And thirdly, “Go out looking for contempt, so you have the opportunity to answer it with love.” [*]


The third point is by far the most difficult, but I think it may also be the most Christ-like. I believe it’s what Jesus did. Jesus constantly confronted his enemies with love, not contempt.


I guarantee you that if you follow Brooks’ three step plan, you will shine brighter than any star in the sky; you will be more luminous any of the stars on the red carpet at the Academy Awards.


Actually, imagine a world in which there were annual awards for people who really tried to live out Jesus’ words in the Sermon on the Mount. Imagine Mother Teresa and Dr. Martin Luther King, Jr., and Gandhi and the Dalai Lama walking the red carpet and getting interviewed by reporters.

“Dr. King, tell us how you felt when they turned German shepherds and fire hoses on your supporters in Birmingham?”


“Mother Teresa, how were you able to love and serve the lepers on the streets of Calcutta?”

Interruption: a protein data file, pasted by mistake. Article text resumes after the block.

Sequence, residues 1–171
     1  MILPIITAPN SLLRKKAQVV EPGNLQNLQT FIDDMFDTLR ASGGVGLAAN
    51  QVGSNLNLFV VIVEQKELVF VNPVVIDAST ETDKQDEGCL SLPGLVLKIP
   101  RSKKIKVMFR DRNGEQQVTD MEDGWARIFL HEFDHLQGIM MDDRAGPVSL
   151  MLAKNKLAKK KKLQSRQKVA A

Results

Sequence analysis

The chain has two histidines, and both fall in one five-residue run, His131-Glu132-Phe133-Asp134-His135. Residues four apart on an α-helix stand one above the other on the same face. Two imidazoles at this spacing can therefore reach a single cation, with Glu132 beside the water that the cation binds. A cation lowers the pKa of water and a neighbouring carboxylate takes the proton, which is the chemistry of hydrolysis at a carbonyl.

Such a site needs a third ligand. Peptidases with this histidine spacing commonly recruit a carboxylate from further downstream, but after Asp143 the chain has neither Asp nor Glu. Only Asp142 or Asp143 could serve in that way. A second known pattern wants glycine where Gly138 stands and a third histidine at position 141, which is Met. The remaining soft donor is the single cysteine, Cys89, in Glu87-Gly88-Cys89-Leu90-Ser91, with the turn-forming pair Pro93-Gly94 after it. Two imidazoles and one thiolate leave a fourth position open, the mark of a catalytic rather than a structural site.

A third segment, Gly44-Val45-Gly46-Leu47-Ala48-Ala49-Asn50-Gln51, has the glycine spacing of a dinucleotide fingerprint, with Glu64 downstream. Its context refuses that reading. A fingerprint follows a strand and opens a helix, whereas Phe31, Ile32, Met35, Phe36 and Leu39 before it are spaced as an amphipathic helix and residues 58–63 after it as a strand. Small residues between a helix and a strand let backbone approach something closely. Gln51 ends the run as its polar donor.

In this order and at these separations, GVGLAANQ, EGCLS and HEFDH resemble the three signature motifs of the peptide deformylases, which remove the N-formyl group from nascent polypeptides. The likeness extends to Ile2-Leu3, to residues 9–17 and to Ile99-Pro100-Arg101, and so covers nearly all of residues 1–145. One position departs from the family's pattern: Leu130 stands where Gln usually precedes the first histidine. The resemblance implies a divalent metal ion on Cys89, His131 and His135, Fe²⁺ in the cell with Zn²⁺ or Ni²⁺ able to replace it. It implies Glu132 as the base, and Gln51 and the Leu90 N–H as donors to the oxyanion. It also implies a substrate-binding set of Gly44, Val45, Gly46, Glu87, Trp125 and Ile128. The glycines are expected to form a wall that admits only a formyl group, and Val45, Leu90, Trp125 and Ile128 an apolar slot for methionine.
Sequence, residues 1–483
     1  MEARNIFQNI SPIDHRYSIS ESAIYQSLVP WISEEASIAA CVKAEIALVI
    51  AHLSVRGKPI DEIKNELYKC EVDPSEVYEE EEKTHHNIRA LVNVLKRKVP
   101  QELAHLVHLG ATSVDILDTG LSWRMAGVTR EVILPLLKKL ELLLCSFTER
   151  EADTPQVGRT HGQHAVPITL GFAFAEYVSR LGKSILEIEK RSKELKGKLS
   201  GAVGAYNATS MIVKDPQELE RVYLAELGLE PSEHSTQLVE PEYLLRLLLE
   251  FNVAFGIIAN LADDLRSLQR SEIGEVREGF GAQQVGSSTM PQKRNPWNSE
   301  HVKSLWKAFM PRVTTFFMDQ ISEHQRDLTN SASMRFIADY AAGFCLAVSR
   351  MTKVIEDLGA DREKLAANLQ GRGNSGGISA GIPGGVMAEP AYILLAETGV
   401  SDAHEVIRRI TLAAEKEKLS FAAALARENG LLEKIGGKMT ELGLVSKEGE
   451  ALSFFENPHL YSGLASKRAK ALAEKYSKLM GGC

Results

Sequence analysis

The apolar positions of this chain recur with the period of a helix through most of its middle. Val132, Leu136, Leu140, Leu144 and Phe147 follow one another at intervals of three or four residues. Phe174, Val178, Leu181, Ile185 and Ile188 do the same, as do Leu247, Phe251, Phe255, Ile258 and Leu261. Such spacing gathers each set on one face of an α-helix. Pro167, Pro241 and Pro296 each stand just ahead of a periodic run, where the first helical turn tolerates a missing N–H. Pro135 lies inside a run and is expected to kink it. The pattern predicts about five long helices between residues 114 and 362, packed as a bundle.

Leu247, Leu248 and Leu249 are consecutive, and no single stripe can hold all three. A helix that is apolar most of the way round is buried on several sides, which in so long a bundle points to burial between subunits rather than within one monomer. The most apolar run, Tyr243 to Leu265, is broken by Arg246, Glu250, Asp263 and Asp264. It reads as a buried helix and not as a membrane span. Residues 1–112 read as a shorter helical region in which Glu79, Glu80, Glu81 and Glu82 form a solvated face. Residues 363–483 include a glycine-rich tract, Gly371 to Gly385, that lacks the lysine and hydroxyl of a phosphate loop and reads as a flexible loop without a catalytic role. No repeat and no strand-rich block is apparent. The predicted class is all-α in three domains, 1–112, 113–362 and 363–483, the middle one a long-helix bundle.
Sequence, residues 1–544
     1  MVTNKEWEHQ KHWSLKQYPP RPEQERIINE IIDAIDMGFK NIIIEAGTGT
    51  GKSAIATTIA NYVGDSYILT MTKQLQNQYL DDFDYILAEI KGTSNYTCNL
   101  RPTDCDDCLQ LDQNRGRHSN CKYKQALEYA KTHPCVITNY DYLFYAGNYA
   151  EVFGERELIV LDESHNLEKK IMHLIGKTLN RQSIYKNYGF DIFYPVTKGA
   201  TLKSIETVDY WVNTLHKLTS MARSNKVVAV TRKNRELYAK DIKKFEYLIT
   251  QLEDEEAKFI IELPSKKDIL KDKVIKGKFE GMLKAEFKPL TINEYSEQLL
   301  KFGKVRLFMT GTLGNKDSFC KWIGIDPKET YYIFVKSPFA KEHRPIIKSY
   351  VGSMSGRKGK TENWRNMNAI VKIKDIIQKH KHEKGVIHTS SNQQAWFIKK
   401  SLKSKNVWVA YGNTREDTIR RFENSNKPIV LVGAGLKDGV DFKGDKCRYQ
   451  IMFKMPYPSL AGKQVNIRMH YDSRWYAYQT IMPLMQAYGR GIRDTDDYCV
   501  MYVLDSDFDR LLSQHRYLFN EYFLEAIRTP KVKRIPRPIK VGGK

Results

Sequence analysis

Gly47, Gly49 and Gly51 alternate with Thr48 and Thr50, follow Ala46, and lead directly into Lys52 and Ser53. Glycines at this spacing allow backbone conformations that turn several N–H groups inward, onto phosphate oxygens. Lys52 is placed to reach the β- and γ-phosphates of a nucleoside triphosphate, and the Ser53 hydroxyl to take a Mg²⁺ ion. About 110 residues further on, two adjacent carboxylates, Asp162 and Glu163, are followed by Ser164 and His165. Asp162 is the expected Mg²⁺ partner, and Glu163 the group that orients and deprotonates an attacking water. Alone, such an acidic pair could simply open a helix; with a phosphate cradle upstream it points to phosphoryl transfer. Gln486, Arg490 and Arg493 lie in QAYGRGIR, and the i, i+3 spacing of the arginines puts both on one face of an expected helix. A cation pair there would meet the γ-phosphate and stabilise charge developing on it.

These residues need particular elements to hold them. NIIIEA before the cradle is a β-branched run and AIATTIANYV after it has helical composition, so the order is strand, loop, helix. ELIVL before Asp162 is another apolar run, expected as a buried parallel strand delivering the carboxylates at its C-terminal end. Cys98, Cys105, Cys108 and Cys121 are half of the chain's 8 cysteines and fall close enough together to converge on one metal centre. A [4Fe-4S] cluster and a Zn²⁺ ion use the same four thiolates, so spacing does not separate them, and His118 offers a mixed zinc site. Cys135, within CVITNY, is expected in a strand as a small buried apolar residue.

Your Holiness, what is the source of your inner peace in the face of China’s continued occupation of your homeland?”


I promise you that they would save a lot of money on the electric bill, because these people would shine so brightly that there would be no need to turn on the lights!


Who is in your personal pantheon of heroes? Who would you put on the red carpet for loving their enemies and praying for their persecutors?


Wouldn’t the world be a great place if instead of aspiring to be movie stars, we all aspired to be moral stars? Amen.



[*] Quotations from Brooks’ National Prayer Breakfast address from “America’s Crisis of Contempt” in The Washington Post, Feb. 7, 2020. For complete article, go here.